Malaysians voted in record numbers in Sunday’s general election, with one of the world’s longest-serving governments facing a serious threat from an upstart opposition that pledges sweeping reform.
Early results were mixed, more than four hours after polls closed at 5 p.m. (0900 GMT), with each side seeing both gains and losses as votes were slowly tallied.
The Election Commission said a record of about 80 percent of 13 million registered voters -- or more than 10 million people -- had turned out, in polls dogged by controversy from the start.
Analysts have said high turnout could benefit the opposition led by Anwar Ibrahim over the ruling coalition dominated by the United Malays National Organization (UMNO), which has had a lock on power since independence in 1957.
“There is clearly, undeniably, a major groundswell and a major shift among the population across ethnic lines,” Anwar, 65, said after he voted earlier Sunday in his constituency in the northern state of Penang.
“Inshallah (God willing), we will win.”
Voters in the multi-ethnic nation swamped the Internet with accusations that Prime Minister Najib Razak's government sought to steal the election, as indelible ink that he touted as a guarantee against fraud was found to be easily washed off.
The complaints added to a host of allegations by the opposition Pakatan Rakyat (People's Pact) alliance of irregularities that have raised the spectre of a disputed result.
The three-party Pakatan led by charismatic former UMNO star Anwar stunned the country with historic gains in 2008 polls and is gunning for a landmark victory.
Najib's 13-party Barisan Nasional (National Front) coalition is favoured to keep power. But Anwar has been feted by massive crowds on the stump and recent opinion polls have suggested a race too close to call.
Pakatan has gained traction with pledges to end ruling-party corruption and authoritarianism, and to reform controversial affirmative-action policies for majority Malays. Anwar says they are abused by a corrupt Malay elite.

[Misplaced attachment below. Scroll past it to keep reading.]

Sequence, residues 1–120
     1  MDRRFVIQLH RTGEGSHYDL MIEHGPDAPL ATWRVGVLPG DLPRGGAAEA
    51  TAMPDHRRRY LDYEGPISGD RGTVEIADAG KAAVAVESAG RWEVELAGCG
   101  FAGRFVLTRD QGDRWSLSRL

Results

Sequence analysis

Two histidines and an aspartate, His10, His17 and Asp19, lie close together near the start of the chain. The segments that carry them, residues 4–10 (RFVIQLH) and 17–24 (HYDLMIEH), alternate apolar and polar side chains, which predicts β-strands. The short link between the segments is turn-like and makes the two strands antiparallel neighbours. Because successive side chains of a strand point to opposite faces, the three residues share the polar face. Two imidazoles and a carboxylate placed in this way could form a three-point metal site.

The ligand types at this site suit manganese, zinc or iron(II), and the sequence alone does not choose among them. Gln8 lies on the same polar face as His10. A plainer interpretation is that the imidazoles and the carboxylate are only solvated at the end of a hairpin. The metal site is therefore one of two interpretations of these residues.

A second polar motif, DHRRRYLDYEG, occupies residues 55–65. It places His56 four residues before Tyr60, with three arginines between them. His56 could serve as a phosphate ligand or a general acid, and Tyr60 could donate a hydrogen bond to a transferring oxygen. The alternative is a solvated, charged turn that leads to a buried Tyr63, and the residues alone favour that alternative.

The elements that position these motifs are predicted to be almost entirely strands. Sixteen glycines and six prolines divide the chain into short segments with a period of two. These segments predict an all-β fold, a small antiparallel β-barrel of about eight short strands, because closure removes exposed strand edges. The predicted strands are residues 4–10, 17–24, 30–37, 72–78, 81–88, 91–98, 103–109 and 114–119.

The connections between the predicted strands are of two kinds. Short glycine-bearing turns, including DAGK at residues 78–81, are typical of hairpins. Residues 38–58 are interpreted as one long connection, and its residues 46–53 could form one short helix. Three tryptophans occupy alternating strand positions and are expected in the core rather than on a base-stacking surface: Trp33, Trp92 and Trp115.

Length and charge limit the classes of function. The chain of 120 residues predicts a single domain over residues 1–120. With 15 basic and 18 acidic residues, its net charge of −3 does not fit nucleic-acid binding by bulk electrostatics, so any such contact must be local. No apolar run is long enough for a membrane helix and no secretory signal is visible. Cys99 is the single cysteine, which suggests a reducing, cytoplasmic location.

Najib has offered limited political reforms but a largely stay-the-course vision for the mainly Muslim nation.
The ink was introduced for the first time and touted by Najib and the Election Commission -- widely viewed as Barisan-controlled -- as proving their commitment to fair polls.
It is applied to a person's finger to show they have voted.
But voters like Halim Mohamad, 77, said the ink washed right off even though it is supposed to last several days.
“This is cheating. I was shocked when it came off,” he told AFP after voting in Penang, showing his cleaned index finger. “I complained to an Election Commission official and he just laughed.”
The opposition had already alleged numerous irregularities including a charge that tens of thousands of “dubious” and possibly foreign voters were flown to key constituencies to sway results.
The government has said the flights were part of a voter-turnout drive but has provided no details, while Najib tweeted Sunday that no foreigners were drafted in.
“We are committed to a fair election,” he said.
But videos, pictures and first-hand accounts of purportedly foreign “voters” being turned away from polling centres went viral online.
Anwar was deputy premier until his ousting in a 1998 power struggle with then-premier Mahathir Mohamad, and his jailing for six years on sex charges widely viewed as trumped up.
He later brought his pan-racial appeal to the once-divided opposition, dramatically reversing its fortunes.
Najib’s ethnic Malay-dominated regime retains powerful advantages, including control of traditional media, key institutions and an electoral landscape which critics say is biased.
Najib has predicted chaos and racial strife under Pakatan, which includes Anwar’s multiracial party, one led by ethnic Chinese and another representing conservative Muslim Malays.
“It’s a tight run. But I'm not scared, I’m excited,” retiree H.Y. Ong said of the race before voting in the capital Kuala Lumpur.
“The times have changed, they (the government) need to change. Money politics should be controlled,” he added, while not divulging his voting preference.
Malaysians vote, with power at stake for first time